Taken together, these measures would spread the burden of reforms among all affected parties. They’d also impose a much more value-driven and coordinated modus operandi on our healthcare system than our current volume-driven system in which a third or more of our over-priced medical care isn’t needed in the first place.
And Beyond Medicare?
Private sector healthcare in America would also see significant changes through tax policy reforms. These are intended to replace the current “Cadillac tax” on gold-plated health insurance plans for highly-paid corporate executives with limits on corporate tax exclusions for employer-sponsored health insurance. The idea is to make current tax exclusions less regressive by capping them at 80% of employer-sponsored premiums and to remove the current preferential treatment given to self-insured corporate plans.
The net effect would be to encourage private insurance plans to also adopt alternatives to fee-for-service payments that now drive our medical overuse.
A second and crucial private sector initiative would be to clarify and enforce laws and regulations governing consolidation of providers and insurers. This trend is accelerating as Obamacare is further implemented and threatens to thwart any cost-savings it might otherwise produce. That’s because the bigger and stronger provider networks that emerge with consolidation of former competitors are better able to dictate prices in their respective medical markets.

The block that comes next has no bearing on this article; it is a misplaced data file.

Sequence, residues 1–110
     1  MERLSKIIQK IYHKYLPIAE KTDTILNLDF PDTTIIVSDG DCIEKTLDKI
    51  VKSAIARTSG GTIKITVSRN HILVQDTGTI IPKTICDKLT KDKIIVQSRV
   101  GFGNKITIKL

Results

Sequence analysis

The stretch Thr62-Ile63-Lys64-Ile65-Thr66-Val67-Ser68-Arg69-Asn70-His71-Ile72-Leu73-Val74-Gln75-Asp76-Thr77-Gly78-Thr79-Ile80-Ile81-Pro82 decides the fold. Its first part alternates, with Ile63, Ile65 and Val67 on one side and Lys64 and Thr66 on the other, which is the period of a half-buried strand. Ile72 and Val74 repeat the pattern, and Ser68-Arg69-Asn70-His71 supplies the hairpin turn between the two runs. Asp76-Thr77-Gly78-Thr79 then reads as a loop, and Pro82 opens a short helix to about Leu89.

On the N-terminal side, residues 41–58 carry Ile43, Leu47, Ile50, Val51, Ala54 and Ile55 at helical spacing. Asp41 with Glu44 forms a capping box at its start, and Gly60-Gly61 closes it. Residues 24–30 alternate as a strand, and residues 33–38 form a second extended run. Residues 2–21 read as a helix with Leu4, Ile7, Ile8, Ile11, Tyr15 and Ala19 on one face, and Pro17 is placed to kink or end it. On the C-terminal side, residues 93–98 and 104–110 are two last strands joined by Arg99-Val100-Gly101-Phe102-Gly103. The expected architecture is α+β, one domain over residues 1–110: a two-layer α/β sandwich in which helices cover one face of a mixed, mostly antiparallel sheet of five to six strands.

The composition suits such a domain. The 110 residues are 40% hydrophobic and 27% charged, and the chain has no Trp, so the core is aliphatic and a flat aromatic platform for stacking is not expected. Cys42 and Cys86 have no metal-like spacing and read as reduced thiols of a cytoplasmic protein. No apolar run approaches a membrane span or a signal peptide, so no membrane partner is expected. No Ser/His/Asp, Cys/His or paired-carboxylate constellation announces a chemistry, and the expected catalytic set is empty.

This, of course, is anti-competitive. Yet much of healthcare is exempt from federal laws and regulations designed to prevent such anti-competitive practices. Hence the need for such reforms, especially given the accelerating pace of such consolidations across America as the industry girds itself for Obamacare.
Quality, Prevention & Wellness, Oh My!
The third leg of this three-legged post-Obamacare stool has its eye on our longer-term need for better treatment outcomes and prevention measures to reduce demand for medical care. It would do this not with fiscal gimmickry, but via the best means possible – by promoting greater health so less healthcare is needed.
Measures proposed would start by combining coverage for so-called “dual eligibles” (those eligible for both Medicare and Medicaid coverage). These tend to be those with highly complex medical needs that would benefit greatly – care-wise and cost-wise – with a more coordinated approach to their care. The current fragmented federal and state coverage is often inefficient and unnecessarily costly.